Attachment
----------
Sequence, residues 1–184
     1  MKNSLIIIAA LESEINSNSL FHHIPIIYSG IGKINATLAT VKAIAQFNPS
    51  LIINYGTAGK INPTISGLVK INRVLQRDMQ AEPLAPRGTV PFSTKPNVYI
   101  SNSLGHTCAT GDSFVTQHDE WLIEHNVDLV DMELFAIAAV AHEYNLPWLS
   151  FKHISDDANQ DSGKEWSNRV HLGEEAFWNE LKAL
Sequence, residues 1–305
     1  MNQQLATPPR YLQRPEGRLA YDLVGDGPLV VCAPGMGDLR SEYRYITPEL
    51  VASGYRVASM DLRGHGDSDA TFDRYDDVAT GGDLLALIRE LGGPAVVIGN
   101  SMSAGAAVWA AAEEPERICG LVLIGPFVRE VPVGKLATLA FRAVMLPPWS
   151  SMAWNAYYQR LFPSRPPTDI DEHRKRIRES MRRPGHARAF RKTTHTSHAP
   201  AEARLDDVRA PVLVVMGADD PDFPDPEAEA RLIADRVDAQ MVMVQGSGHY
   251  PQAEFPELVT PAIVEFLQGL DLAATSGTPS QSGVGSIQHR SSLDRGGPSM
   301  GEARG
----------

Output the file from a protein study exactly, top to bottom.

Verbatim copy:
Sequence, residues 1–184
     1  MKNSLIIIAA LESEINSNSL FHHIPIIYSG IGKINATLAT VKAIAQFNPS
    51  LIINYGTAGK INPTISGLVK INRVLQRDMQ AEPLAPRGTV PFSTKPNVYI
   101  SNSLGHTCAT GDSFVTQHDE WLIEHNVDLV DMELFAIAAV AHEYNLPWLS
   151  FKHISDDANQ DSGKEWSNRV HLGEEAFWNE LKAL
Sequence, residues 1–305
     1  MNQQLATPPR YLQRPEGRLA YDLVGDGPLV VCAPGMGDLR SEYRYITPEL
    51  VASGYRVASM DLRGHGDSDA TFDRYDDVAT GGDLLALIRE LGGPAVVIGN
   101  SMSAGAAVWA AAEEPERICG LVLIGPFVRE VPVGKLATLA FRAVMLPPWS
   151  SMAWNAYYQR LFPSRPPTDI DEHRKRIRES MRRPGHARAF RKTTHTSHAP
   201  AEARLDDVRA PVLVVMGADD PDFPDPEAEA RLIADRVDAQ MVMVQGSGHY
   251  PQAEFPELVT PAIVEFLQGL DLAATSGTPS QSGVGSIQHR SSLDRGGPSM
   301  GEARG